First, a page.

Thursday, March 29, 2012

Write Who You Are

by T.J. Bronley

Hi! Guess what, this is two weeks in a row that I've blogged now. You should all feel honored. And if not . . . doesn't much matter.

I titled today's post "Write Who You Are". What do I mean by that? Well, I'm gonna tell ya, just hold your horses.

Before I get into this, I must announce that not only am I a word nerd, I'm also an numbers nerd. With that . . .

I believe that we are the sumation of all our previous experiences. Some experiences added to a personality trait of ours, while others may have subtracted a piece from us so that it has a lower percentage on who we are. Example, if I have a really humbling experiences about my finances, I may not be so cavalier at spending.

Our characters are the same way. Each of them has had a life of experiences before they enter our book. For me, the more crucial to the plot, the more important it is to know that character's formula leading up to their role in the book.

One of the things that makes me feel like an author is being authentic with me, is when he/she puts a piece of him/herself into the characters being written. For me, it is the most honest writing because, even if writing in a speculative genre, it is still possible to place recognizable personality traits in the character.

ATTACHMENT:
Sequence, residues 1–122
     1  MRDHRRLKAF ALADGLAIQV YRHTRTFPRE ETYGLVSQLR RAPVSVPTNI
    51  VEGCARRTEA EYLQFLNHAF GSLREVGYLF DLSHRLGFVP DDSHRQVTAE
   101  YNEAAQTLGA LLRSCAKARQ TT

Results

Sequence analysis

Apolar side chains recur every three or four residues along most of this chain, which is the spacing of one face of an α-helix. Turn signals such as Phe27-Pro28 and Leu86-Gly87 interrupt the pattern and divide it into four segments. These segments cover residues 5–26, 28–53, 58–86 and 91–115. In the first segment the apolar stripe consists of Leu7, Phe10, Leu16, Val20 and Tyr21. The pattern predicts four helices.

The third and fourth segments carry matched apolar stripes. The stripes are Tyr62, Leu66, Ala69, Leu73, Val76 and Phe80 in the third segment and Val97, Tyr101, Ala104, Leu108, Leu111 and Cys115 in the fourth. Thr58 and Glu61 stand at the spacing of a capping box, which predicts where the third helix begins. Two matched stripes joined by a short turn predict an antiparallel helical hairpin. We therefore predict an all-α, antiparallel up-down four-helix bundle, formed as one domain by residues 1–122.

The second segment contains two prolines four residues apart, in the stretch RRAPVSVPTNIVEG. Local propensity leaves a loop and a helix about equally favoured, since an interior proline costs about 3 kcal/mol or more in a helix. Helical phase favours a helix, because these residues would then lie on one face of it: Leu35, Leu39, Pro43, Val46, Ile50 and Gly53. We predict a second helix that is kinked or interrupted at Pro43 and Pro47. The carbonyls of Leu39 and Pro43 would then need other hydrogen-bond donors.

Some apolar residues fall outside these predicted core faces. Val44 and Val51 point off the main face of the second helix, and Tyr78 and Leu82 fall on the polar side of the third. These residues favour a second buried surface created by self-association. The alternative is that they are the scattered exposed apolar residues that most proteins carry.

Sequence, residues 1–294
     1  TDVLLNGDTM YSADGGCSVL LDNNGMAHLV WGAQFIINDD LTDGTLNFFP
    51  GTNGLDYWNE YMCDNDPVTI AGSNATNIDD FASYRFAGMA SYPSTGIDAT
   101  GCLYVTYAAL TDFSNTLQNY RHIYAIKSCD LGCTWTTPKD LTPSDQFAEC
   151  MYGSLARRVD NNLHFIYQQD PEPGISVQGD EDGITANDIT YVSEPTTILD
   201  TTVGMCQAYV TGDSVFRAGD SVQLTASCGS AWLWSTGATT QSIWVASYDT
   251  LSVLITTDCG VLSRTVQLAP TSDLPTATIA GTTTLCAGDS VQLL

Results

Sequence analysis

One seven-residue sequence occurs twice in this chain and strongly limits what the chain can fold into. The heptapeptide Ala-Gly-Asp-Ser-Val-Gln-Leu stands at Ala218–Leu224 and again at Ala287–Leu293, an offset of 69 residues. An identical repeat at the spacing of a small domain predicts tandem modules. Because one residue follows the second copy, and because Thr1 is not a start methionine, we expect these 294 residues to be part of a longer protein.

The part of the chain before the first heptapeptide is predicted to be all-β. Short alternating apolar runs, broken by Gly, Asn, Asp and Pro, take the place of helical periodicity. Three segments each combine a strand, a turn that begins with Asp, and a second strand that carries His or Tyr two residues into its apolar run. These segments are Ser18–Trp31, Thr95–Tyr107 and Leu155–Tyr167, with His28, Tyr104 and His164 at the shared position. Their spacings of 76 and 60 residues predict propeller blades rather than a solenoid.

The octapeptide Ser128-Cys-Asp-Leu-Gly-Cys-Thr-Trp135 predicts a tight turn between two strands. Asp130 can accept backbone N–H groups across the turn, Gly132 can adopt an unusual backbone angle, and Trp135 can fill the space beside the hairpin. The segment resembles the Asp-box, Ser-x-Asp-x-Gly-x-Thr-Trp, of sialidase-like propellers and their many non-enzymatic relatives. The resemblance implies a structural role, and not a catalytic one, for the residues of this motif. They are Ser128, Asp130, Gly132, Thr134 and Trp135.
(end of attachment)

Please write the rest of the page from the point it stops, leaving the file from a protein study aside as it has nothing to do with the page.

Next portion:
Let's say I'm writing a story about an accountant who befriends a teenager caught up in a murder mystery. What about me can I use to make these characters feel real? Well, I'm an accountant. I know a lot of jargon and lingo and so forth that I could put it in the book. Was I ever caught up in a murder mystery? No. But I can use all the ones I've watched (Murder, She Wrote, Diagnosis Murder, Perry Mason, and Matlock) and read (mostly Agatha Christie, but I've read a Josi Kilpack book) to influence how the mystery is written. For the teenager, I could make him picked on or teased, just as I was. I could make him mouthy and rude, just as I was. I could make him athletic and awesome, just as I dreamed of being. But I don't have to make him all three.

Challenge: Give your character a piece of your history. Not all of it. Just a piece that either changed you or changed who you were/are. Now, how does that change your character's actions and feelings about what is going on in his/her life?

Alien abductions are involuntary, but probings are scheduled.

3 comments:

Britney Gulbrandsen said...

Great advice. It's easier to write what you know and it definitely adds to the work.

James Duckett said...

Your characters are supposed to be likable; the worst thing I could do is make them act like me.

Though, great advise, I like how this falls into the "write what you know" category.

Donna K. Weaver said...

I must be doing something right then. They all have a piece of me somewhere. lol